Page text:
The advertising revenue lost from the postponement of April’s Pride of the Americas festival in Fort Lauderdale and March’s Miami Beach Pride and Palm Beach Pride, notes Kent, represents “the balance of our year. So we’re going to have to find a way to engage this adversity, with a smaller paper that is laser-focused, understanding that bigger is not always better, and sometimes, less is more.”

Last March 24, recalls Kent, “I published one of the largest weekly gay papers in history, at 124 pages. One year later, the paper was 28 pages. But the real losses are being endured by the social service programs that were the intended beneficiaries of those events.”

Notes Kent, who left his position as executive director of AIDS Project Florida to found his publication, “I’ve always cared more about people than profits, and that’s why I’m going to use all my resources to tread water in the tides of a rising ocean—and I’m pretty confident, because I’m a good swimmer.”

Some silver linings remain, notes Masters, of the Los Angeles Blade. Advertisers including the AIDS Healthcare Foundation, AIDS Project Los Angeles, and the City of West Hollywood, who’ve been a consistent presence throughout since the paper’s 2017 inception, have increased their visibility throughout the COVID-19 crisis, both in print and online.

Stevenson says that online traffic is up significantly, noting, “People obviously want to stay connected, and are concerned about how the pandemic is impacting LGBTQ people and organizations. The other non-pandemic news about LGBTQ issues—like the passage of anti-trans legislation—is getting a lot of traction.”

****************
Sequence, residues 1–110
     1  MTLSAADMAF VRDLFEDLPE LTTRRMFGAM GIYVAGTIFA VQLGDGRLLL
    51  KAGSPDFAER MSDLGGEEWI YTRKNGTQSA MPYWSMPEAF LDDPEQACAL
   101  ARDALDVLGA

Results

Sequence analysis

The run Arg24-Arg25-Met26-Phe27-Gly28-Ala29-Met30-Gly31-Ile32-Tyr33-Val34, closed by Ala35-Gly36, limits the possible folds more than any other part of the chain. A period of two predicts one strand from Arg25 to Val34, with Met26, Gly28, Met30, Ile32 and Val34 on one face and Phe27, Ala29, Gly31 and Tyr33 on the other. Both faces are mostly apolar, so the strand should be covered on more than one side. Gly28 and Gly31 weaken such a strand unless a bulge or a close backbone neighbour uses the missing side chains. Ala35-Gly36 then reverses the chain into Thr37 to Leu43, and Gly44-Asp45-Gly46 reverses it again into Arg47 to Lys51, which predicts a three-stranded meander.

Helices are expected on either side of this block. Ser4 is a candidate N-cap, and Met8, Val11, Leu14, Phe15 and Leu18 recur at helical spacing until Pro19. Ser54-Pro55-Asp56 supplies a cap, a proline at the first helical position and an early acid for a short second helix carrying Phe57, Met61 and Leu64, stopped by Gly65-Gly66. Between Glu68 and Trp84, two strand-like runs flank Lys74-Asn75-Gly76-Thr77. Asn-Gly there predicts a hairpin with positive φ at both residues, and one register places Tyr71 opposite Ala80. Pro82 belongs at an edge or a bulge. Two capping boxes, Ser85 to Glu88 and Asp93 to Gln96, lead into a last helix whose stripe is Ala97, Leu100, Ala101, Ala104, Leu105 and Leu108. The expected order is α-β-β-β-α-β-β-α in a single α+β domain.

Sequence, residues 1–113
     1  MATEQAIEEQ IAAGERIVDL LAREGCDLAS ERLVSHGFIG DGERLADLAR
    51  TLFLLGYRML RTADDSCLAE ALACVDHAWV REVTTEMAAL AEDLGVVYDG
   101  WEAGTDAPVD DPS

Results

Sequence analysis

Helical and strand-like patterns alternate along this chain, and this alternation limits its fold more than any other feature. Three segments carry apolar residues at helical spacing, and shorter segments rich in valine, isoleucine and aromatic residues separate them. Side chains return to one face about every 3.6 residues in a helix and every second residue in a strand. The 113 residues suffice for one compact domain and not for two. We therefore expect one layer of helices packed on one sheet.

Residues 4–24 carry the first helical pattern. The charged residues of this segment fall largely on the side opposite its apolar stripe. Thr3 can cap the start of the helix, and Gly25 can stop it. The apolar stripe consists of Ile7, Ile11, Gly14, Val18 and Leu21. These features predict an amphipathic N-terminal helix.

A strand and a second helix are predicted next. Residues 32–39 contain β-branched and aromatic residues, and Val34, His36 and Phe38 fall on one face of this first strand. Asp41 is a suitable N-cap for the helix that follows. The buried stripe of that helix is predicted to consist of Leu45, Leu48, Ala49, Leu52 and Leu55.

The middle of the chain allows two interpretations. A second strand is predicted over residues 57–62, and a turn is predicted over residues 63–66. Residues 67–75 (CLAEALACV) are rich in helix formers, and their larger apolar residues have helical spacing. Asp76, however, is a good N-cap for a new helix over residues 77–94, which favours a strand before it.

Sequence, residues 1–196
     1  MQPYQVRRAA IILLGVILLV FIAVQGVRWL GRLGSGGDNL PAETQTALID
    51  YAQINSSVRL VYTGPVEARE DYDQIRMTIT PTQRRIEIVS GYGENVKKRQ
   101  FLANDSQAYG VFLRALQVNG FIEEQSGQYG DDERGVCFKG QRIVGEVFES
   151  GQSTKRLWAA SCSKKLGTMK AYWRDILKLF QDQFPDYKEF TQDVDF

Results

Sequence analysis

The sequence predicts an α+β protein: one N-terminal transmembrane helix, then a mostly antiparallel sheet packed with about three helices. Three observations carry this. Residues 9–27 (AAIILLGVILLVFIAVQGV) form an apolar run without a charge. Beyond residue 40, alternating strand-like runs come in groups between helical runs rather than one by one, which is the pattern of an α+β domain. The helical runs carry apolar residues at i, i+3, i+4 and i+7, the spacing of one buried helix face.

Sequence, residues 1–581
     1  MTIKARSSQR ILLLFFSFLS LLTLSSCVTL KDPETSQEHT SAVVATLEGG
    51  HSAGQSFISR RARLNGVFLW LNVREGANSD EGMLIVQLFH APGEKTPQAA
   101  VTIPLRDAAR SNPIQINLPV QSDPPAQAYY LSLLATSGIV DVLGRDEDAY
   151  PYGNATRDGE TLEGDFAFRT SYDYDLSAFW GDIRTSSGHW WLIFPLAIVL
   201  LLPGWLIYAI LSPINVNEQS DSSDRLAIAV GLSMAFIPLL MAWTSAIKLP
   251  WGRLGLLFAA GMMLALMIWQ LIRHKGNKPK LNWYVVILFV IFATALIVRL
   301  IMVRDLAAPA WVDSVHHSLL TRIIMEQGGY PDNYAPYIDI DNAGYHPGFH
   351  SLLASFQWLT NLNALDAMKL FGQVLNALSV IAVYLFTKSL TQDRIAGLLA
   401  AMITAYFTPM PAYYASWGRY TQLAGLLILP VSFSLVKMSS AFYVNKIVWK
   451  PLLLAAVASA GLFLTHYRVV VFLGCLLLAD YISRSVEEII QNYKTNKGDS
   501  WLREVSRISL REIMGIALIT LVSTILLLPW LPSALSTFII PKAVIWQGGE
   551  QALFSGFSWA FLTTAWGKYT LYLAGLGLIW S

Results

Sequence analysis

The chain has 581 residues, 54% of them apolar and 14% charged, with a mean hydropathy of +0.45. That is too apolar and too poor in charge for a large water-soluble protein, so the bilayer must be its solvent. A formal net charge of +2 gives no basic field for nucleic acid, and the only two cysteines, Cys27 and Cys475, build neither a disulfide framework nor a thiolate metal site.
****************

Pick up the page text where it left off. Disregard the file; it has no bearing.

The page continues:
Furthermore, says Stevenson, local health departments wanting to communicate messages about HIV testing and COVID-19 services have come on board, along with several others who’ve requested banner ads and other online outreach.

That presence sends more than just a message about products and services.

“Our community is especially receptive to seeing that people are supportive,” maintains Masters. “That’s always true, but in a pandemic that echoes the trauma of the AIDS crisis, it’s especially true. We want to know that our gains are important and that we are included.”

“There are some real heroes out there in LGBTQ media, like Comcast and [HIV/AIDS treatment provider] Gilead, who are continuing their campaigns in LGBTQ media,” says Todd Evans, president and CEO of Rivendell Media (rivendellmedia.com), which places advertisements for the National LGBT Media Association. Together, the association’s members — including Boston’s Bay Windows and the Dallas Voice— reach an estimated 500,000 weekly print and online readers.

“In a time when the news is dominated by a crisis,” notes Evans, “LGBTQ consumers want to know who is supporting us, and who is not.

One big difference with this crisis versus 9/11, Hurricane Sandy, and the financial crisis of 2008/2009, says Evans, is, “We’ve had virtually no cancelling of ads. I’ve had a few campaigns that were just ready to start now, so they’re delaying, which makes sense. So I think that shows that advertisers are waiting for information—how long we stay at home, how long distribution points are closed.”

That said, says Evans, “The community still needs its news. We still want to know who supports us, and who doesn’t. I know myself, as a super-consumer of news media, when it comes to the LGBTQ community, I only find out, especially the political stuff, via our own media… I truly feel, at the end of this, that we will be stronger than ever as a community, because we’re used to fighting—and we’re also used to being under attack.”

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California unveils digital COVID-19 vaccination records